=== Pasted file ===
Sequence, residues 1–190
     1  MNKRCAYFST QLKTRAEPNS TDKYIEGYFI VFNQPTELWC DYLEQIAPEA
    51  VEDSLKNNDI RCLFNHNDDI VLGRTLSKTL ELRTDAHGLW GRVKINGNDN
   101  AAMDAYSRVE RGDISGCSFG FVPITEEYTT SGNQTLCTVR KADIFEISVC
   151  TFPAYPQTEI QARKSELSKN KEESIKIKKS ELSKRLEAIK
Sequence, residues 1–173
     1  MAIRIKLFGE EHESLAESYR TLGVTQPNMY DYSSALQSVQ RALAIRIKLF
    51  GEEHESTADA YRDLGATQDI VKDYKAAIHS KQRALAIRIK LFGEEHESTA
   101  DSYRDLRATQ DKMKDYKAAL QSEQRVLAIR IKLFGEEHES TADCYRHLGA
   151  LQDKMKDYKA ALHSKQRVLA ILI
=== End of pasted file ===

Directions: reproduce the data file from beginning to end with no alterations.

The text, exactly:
Sequence, residues 1–190
     1  MNKRCAYFST QLKTRAEPNS TDKYIEGYFI VFNQPTELWC DYLEQIAPEA
    51  VEDSLKNNDI RCLFNHNDDI VLGRTLSKTL ELRTDAHGLW GRVKINGNDN
   101  AAMDAYSRVE RGDISGCSFG FVPITEEYTT SGNQTLCTVR KADIFEISVC
   151  TFPAYPQTEI QARKSELSKN KEESIKIKKS ELSKRLEAIK
Sequence, residues 1–173
     1  MAIRIKLFGE EHESLAESYR TLGVTQPNMY DYSSALQSVQ RALAIRIKLF
    51  GEEHESTADA YRDLGATQDI VKDYKAAIHS KQRALAIRIK LFGEEHESTA
   101  DSYRDLRATQ DKMKDYKAAL QSEQRVLAIR IKLFGEEHES TADCYRHLGA
   151  LQDKMKDYKA ALHSKQRVLA ILI